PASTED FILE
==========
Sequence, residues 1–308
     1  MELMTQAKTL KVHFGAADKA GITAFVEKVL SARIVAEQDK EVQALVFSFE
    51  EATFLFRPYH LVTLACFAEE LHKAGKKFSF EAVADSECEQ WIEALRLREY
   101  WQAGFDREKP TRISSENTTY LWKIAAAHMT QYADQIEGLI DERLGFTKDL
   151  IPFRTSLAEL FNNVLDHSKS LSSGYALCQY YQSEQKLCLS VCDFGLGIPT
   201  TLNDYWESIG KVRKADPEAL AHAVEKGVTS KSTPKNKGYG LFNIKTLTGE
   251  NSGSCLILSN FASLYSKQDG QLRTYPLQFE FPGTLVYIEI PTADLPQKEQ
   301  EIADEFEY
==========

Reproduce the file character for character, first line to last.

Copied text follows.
Sequence, residues 1–308
     1  MELMTQAKTL KVHFGAADKA GITAFVEKVL SARIVAEQDK EVQALVFSFE
    51  EATFLFRPYH LVTLACFAEE LHKAGKKFSF EAVADSECEQ WIEALRLREY
   101  WQAGFDREKP TRISSENTTY LWKIAAAHMT QYADQIEGLI DERLGFTKDL
   151  IPFRTSLAEL FNNVLDHSKS LSSGYALCQY YQSEQKLCLS VCDFGLGIPT
   201  TLNDYWESIG KVRKADPEAL AHAVEKGVTS KSTPKNKGYG LFNIKTLTGE
   251  NSGSCLILSN FASLYSKQDG QLRTYPLQFE FPGTLVYIEI PTADLPQKEQ
   301  EIADEFEY